Gene-directed enzyme–prodrug therapy (GDEPT) aims to improve the therapeutic ratio (benefit versus toxic side-effects) of cancer chemotherapy. A gene encoding a 'suicide' enzyme is introduced into the tumour to convert a subsequently administered non-toxic prodrug into an active drug selectively in the tumour, but not in normal tissues. Significant effects can now be achieved in vitro and in targeted experimental models, and GDEPT therapies are entering the clinic. Our group has developed a GDEPT system that uses the bacterial enzyme carboxypeptidase G2 to convert nitrogen mustard prodrugs into potent DNA crosslinking agents, and a clinical trial of this system is pending.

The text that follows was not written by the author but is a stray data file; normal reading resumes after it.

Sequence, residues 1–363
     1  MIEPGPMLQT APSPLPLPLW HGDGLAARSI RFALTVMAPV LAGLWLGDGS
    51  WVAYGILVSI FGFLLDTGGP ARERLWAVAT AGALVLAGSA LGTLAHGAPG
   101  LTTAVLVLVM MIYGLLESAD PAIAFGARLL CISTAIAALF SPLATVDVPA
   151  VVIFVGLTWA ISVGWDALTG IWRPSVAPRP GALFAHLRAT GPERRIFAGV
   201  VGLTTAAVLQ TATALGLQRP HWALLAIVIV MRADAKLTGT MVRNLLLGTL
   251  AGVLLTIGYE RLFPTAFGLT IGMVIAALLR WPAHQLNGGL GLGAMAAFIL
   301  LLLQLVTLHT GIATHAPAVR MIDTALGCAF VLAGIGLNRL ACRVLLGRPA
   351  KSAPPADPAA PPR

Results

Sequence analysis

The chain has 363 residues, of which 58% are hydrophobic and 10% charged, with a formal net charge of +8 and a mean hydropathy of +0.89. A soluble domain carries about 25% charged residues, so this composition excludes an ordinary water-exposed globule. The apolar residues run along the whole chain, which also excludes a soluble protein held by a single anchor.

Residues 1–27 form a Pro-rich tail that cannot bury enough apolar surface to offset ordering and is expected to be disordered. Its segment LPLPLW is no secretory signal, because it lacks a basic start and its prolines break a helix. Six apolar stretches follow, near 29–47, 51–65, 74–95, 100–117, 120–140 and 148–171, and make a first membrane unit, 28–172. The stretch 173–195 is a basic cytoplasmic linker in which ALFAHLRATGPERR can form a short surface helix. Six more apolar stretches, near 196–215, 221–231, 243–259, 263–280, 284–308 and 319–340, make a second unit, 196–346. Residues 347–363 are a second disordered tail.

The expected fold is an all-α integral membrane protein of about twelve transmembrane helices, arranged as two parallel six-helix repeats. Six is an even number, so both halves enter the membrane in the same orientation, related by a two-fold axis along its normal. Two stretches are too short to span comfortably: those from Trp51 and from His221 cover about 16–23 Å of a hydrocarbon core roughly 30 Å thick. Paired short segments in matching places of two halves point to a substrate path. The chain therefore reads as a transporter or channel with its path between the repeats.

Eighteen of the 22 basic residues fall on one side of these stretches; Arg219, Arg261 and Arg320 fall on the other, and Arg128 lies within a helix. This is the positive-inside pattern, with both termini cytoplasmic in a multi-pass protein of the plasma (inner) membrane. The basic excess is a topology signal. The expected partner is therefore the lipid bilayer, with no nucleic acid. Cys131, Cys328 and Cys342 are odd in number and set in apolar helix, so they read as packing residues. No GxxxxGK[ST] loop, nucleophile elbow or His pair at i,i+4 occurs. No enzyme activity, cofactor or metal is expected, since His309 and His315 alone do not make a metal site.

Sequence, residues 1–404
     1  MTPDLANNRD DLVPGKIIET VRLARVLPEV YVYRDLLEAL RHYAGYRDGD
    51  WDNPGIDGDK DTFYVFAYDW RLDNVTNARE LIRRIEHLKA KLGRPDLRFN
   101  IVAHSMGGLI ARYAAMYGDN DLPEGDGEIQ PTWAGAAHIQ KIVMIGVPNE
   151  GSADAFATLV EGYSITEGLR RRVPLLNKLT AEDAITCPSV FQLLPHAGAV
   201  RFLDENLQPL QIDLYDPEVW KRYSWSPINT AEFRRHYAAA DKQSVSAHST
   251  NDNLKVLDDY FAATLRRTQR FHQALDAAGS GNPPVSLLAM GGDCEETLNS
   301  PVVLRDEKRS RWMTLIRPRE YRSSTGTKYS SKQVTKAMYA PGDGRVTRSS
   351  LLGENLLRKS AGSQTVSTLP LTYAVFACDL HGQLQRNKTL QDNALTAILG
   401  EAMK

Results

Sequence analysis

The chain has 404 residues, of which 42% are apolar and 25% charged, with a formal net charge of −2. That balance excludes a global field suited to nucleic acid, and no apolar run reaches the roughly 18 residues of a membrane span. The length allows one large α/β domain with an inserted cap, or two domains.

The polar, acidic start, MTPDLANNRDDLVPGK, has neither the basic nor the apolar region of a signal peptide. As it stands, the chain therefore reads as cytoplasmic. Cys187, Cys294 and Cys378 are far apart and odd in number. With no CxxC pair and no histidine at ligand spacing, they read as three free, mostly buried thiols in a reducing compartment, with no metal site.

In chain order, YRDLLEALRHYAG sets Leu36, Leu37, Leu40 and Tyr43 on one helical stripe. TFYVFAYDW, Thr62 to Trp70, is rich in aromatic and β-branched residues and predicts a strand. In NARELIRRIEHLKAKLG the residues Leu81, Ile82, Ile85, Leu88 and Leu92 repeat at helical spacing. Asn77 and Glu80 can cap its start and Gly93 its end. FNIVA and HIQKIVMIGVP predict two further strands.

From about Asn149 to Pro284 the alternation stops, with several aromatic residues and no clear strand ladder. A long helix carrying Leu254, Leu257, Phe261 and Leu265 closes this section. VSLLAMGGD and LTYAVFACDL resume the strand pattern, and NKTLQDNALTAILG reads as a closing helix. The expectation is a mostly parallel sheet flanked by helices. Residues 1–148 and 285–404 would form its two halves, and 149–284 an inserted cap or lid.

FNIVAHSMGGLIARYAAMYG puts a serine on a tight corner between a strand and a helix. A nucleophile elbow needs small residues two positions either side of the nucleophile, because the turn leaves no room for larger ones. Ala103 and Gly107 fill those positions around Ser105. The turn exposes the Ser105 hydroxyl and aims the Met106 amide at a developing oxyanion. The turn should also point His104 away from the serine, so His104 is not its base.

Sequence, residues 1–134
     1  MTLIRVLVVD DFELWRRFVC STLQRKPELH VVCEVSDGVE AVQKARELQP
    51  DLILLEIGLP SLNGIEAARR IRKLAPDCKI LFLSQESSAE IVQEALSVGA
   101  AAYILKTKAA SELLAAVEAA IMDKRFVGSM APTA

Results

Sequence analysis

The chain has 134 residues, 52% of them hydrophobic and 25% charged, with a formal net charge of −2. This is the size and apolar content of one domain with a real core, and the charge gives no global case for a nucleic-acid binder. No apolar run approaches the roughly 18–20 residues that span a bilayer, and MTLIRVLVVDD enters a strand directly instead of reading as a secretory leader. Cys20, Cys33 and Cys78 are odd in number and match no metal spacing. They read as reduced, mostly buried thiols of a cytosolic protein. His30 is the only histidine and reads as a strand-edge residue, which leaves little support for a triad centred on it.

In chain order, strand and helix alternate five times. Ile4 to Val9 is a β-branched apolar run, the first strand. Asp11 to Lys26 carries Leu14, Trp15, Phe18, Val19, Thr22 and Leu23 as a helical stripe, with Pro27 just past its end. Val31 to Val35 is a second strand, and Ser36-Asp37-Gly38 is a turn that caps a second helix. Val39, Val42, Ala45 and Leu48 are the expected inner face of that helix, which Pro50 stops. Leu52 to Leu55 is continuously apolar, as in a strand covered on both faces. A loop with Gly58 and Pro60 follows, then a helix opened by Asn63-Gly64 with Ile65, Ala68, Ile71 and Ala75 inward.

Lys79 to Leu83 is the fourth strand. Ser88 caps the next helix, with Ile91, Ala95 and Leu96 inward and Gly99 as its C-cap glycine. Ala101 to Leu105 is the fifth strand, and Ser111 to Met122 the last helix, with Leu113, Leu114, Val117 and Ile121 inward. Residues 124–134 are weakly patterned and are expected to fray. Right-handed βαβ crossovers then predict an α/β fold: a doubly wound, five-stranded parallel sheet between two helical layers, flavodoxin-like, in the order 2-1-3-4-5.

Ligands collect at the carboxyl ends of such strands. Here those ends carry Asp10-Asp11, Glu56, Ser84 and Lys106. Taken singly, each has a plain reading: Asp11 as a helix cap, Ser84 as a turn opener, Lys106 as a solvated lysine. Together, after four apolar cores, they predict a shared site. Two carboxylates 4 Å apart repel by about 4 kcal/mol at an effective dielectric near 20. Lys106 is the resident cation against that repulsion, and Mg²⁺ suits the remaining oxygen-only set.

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Thank you to Frank Friedlos for the immunofluorescence experiments. This work is funded by Cancer Research UK (grant numbers C309/A2187 and C309/A8274).
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Hedley, D., Ogilvie, L. & Springer, C. Carboxypeptidase G2-based gene-directed enzyme–prodrug therapy: a new weapon in the GDEPT armoury. Nat Rev Cancer 7, 870–879 (2007). https://doi.org/10.1038/nrc2247
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